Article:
This is very moving. I resonate with the idea that altho we long to escape sometimes, for many of us, that escape offers nothing compared to coming out on the other end of the 'dark night of the soul'.
I loved the rich tones of this entry. Thank you. r
Beautiful. And I love the word, maundy. I don't think it occurs anywhere else.
Rich and insightfully layered, beautifully conveyed impressions, Ann. And now I finally know that Maundy Tuesday isn't some kind of oxymoronic Southernly pronounced thang.
Very appropriate thought matter for this. Now that we don't attend church I hadn't even thought about it being Maundy Thursday - this is a thoughtful way to be reminded.
It's good that she remains a mystery, don't you think? What would it mean to inhabit that level of thinking? Although on an sociological level, I'd like to know, on a personal level, no. I like your version of humanity better, even if it is deeply felt and painful.
Did I say Maundy Tuesday? No wonder Father Duffy's always giving me the stink eye.
"...wondering if there would be an easel’s worth when the party was for me" - I know you, like me, avoid the camera like the demon it is, which is why I will always remember the post in which you took a photo of yourself in your kitchen and then told your story. If I hadn't already added you as a favorite, I would have done it that day. The placement of each word here is perfection Ann. Several of the comments are beautifully stated also. I don't recall reading this before and as reposts go, this is one I definitely want/need to read more than once. Thanks for sending it back out.

(As for me, no, there will be no montage. One photo taken at 35, a portrait actually, done because I knew that #1- I would never look any better and #2- it was all downhill from there. I'm so glad I did it. I was totally right on both counts).
Were I Catholic I would have offered enhanced gratitude yesterday that Maundy Thursday didn't come on Monday - despite my being a devoted fan of Cass Elliot .

I should add that this is one of the strictly limited handful of posts I have read carefully more than twice since joining OS so long ago it frightens me to imagine counting the months. Wondering why this should be, I carefully read all of the comments except Paust's and have concluded with Gabby Abby that "The placement of each word here is perfection." As an inveterate practitioner of second thoughts it would give me insomnia worrying that something I wrote with an eye toward perfection might be a beat, nuance or tonality off. This is why I always deliberately add something a tad sour to every composition. This is why also I read seemingly perfect compositions again and again, in the interest of catching some hideous blemish and noting it, to myself, if only to keep it from bubbling out of my subconscious and pricking me awake before the rooster's ruthless crow on an otherwise splendid Good Friday morn. You might be pleased to know I have thus far failed with this magnificent piece.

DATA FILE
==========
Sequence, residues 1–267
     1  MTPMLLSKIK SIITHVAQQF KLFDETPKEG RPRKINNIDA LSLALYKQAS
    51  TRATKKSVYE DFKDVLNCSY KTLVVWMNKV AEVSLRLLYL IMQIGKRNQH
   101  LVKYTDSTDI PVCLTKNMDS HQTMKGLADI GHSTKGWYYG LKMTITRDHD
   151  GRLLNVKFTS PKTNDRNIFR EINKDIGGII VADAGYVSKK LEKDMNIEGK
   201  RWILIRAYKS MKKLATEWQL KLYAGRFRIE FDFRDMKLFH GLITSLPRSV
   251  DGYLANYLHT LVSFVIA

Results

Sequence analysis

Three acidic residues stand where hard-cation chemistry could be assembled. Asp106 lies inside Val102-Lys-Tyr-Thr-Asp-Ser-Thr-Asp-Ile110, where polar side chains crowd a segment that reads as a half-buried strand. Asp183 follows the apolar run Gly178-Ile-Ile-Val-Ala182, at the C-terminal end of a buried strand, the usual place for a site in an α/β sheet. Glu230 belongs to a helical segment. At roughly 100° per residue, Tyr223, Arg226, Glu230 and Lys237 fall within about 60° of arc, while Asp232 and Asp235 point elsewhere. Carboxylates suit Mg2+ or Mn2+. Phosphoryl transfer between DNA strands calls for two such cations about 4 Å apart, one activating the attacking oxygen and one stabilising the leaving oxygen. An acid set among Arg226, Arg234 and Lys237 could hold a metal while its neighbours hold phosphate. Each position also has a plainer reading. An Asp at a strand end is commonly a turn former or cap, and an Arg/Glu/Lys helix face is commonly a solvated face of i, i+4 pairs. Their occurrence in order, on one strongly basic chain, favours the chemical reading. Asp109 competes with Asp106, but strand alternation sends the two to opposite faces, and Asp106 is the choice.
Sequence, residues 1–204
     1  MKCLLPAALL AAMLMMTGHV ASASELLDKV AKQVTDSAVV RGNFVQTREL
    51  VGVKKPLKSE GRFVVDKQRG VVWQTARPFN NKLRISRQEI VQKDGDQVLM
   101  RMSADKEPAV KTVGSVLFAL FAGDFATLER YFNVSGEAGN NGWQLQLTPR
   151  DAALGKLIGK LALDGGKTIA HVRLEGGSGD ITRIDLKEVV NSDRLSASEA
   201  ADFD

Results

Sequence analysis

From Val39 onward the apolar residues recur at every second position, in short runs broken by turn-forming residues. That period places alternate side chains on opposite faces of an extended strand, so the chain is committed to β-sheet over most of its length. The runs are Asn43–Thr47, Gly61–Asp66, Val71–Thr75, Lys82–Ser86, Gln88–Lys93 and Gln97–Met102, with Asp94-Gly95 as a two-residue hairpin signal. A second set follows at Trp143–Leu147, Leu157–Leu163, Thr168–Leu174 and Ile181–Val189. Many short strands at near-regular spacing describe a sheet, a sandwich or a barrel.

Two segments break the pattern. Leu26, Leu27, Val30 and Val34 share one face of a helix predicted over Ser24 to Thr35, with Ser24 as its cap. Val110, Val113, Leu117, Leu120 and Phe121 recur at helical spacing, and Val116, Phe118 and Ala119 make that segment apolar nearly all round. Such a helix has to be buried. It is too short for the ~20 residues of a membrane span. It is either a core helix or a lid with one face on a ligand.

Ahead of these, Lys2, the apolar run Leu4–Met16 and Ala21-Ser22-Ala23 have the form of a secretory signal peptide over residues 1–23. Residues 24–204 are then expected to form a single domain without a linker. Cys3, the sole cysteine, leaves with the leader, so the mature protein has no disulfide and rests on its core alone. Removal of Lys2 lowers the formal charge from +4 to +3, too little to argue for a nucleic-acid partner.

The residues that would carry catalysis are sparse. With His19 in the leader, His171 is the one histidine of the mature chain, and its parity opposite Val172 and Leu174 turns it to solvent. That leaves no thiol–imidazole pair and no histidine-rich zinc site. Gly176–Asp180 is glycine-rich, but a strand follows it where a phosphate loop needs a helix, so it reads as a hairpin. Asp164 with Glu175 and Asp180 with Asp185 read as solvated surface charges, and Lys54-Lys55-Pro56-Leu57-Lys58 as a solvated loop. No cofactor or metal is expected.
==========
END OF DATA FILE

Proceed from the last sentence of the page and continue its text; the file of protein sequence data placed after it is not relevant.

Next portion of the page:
Congrats on the EP!
This was very well written.
You have an amazing voice and are always a pleasure to read.
Have a wonderful Good Friday.
Though I haven't been in a church as a participant in years and don't believe in gods, the feelings I remember from Maundy Thursday and the midnight Easter Vigil are strong and nearly transportive. This piece writes that experience beautifully. Even now, I savor the pain.
I hadn't read this before. It certainly still resonates. Sonja remains a mystery and you find meaning in both death and loneliness. Excellent post.